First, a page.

Armenia’s constitution provides for a republic with an elected head of state and a unicameral legislature, the National Assembly. The Organization for Security and Cooperation in Europe (OSCE) observers described the campaign leading to May 6 legislative elections as competitive but concluded violations of campaign provisions created an unequal playing field for participants and ran counter to the OSCE commitments. The ruling coalition, led by President Sargsian’s Republican Party of Armenia, continued to dominate the political system. Security forces reported to civilian authorities.
The most significant human rights problems during the year were limitations on the right of citizens to change their government, corruption and lack of transparency in government, and the limited independence of the judiciary. Flaws in the conduct of May 6 legislative elections included the misuse of government resources to support the ruling party, credible allegations of vote buying, deficiencies in the complaints and appeals process, and continued shortcomings in the electoral code despite improvements. Allegations of persistent corruption at all levels of government undermined the rule of law, although the government took limited steps to punish low- to mid-level official corruption. Courts remained subject to political pressure from the executive branch, which resulted in some politically motivated prosecutions and sentencing.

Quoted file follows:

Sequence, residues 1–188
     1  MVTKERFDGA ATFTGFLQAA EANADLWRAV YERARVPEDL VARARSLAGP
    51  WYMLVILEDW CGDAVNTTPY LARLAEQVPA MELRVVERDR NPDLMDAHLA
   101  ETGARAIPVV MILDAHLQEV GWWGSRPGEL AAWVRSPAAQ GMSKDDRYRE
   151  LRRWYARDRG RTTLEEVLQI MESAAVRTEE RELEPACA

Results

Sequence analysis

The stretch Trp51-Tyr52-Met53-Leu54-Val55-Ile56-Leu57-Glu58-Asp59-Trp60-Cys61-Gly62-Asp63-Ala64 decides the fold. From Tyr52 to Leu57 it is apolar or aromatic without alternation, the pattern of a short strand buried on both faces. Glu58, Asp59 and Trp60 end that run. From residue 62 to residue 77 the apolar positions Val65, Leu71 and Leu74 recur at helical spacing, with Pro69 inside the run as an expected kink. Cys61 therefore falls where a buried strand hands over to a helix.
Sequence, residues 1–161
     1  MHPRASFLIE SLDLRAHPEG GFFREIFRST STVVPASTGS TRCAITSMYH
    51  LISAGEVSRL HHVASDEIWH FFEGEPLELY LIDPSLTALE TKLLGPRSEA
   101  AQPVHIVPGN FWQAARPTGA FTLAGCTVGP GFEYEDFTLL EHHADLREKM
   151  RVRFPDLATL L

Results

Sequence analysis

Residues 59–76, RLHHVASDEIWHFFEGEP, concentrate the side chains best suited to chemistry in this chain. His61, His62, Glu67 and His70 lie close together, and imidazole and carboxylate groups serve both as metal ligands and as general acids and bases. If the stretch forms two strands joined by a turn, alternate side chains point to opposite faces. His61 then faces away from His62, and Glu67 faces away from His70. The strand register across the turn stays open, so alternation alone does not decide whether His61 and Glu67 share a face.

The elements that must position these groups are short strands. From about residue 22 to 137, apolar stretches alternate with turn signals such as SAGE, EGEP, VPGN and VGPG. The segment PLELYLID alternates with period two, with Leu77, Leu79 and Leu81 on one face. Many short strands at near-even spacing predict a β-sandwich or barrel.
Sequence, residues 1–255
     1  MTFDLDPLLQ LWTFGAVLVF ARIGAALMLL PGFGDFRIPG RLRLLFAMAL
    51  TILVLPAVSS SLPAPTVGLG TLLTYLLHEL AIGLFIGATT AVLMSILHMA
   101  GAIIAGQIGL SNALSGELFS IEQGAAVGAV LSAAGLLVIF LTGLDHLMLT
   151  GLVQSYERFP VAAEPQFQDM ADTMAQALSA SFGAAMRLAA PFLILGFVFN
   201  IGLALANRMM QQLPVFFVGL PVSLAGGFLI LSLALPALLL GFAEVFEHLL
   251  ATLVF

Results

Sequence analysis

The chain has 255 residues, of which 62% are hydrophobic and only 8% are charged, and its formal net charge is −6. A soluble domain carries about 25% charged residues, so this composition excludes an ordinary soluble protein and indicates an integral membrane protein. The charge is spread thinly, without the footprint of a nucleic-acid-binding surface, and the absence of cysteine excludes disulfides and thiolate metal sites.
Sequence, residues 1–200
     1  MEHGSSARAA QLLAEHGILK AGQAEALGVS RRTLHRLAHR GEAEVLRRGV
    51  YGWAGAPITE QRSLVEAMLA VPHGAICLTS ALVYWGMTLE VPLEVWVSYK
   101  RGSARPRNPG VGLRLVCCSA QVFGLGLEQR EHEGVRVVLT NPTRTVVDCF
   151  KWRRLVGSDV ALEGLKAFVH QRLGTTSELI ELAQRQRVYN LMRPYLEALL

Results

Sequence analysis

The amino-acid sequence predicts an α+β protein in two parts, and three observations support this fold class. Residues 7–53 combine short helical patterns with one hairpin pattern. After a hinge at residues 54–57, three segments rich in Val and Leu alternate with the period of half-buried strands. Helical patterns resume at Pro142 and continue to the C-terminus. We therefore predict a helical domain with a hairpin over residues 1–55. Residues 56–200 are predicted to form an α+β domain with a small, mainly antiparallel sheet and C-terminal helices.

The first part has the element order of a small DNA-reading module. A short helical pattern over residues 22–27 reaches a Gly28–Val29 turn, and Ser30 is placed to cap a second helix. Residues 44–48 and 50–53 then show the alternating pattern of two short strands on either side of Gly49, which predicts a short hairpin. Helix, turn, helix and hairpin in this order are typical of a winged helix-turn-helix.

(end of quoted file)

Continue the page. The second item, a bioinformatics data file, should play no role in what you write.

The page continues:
Other abuses reported during the year included suspicious deaths in the military under noncombat conditions, continued hazing and other mistreatment of conscripts by officers and fellow soldiers, and a lack of accountability for such actions. Police allegedly continued to employ torture to obtain confessions and reportedly beat citizens during arrest and interrogation. Many prisons were overcrowded, unsanitary, and lacking in medical services for inmates. Authorities continued to arrest and detain criminal suspects without reasonable suspicion and to detain individuals arbitrarily. Trials were often prolonged, and courts failed to enforce laws providing for fair trials. Laws against government intrusion on the right to privacy and unlawful searches were inadequately enforced. The
pre-election period was marked by diverse media coverage; however, the media continued to lack diversity of political opinion and objective reporting outside the campaign period. Members of religious minorities suffered from societal discrimination. Domestic violence remained a problem but largely went unreported to authorities. Human trafficking was a problem, which authorities made efforts to combat. Persons with disabilities experienced discrimination in almost all areas of life. Lesbian, gay, bisexual, and transgender (LGBT) persons were subjected to societal abuse and discrimination by military and prison authorities. Workers’ rights were limited and labor laws weakly enforced.
Although the government took some steps to punish officials in the security forces and elsewhere who committed abuses, some members of the security forces continued to commit human rights abuses with impunity while under the direction of civilian leadership. The government issued a report in December 2011 on its investigation into the deaths of eight civilians and two police officers following the 2008 presidential election but, as of year’s end, had not held anyone accountable.